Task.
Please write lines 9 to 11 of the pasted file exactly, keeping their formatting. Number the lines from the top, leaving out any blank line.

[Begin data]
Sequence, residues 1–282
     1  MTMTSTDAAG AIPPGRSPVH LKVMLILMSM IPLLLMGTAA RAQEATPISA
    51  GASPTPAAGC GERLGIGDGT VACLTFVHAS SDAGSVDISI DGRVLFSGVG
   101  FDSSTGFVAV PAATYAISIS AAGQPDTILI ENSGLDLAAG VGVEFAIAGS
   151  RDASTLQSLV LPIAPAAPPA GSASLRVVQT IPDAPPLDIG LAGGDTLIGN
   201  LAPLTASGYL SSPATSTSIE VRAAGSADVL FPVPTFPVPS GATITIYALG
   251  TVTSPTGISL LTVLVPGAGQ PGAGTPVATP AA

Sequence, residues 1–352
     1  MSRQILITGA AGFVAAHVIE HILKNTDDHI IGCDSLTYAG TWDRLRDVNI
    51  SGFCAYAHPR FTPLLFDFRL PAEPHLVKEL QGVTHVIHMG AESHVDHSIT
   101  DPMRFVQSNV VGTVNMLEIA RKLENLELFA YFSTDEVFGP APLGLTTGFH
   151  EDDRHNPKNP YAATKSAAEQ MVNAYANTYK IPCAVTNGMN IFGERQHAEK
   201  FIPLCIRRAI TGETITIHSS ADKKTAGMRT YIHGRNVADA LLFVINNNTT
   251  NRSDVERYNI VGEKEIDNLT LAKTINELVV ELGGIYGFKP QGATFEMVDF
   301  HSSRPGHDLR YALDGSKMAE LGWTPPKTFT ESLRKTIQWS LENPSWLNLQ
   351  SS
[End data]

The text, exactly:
     1  MSRQILITGA AGFVAAHVIE HILKNTDDHI IGCDSLTYAG TWDRLRDVNI
    51  SGFCAYAHPR FTPLLFDFRL PAEPHLVKEL QGVTHVIHMG AESHVDHSIT
   101  DPMRFVQSNV VGTVNMLEIA RKLENLELFA YFSTDEVFGP APLGLTTGFH